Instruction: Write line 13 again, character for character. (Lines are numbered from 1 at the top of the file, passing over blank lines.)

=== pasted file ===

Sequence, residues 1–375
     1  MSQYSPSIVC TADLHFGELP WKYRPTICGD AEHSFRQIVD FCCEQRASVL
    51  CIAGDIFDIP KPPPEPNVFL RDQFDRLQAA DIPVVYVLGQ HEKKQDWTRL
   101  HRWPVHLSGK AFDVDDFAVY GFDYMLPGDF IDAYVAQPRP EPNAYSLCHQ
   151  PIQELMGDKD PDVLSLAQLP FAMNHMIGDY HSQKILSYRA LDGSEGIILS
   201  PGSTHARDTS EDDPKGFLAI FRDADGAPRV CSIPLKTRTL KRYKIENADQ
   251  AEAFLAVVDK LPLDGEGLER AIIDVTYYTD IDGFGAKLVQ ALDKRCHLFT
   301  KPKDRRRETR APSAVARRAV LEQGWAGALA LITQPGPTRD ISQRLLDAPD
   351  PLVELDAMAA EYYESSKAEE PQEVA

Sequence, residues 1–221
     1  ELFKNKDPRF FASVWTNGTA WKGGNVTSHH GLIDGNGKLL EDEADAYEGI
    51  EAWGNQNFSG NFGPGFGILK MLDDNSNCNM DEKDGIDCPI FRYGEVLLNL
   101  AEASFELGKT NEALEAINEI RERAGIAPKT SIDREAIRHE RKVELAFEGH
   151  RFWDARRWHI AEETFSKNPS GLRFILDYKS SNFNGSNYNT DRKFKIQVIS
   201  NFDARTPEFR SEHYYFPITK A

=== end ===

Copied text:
   101  AEASFELGKT NEALEAINEI RERAGIAPKT SIDREAIRHE RKVELAFEGH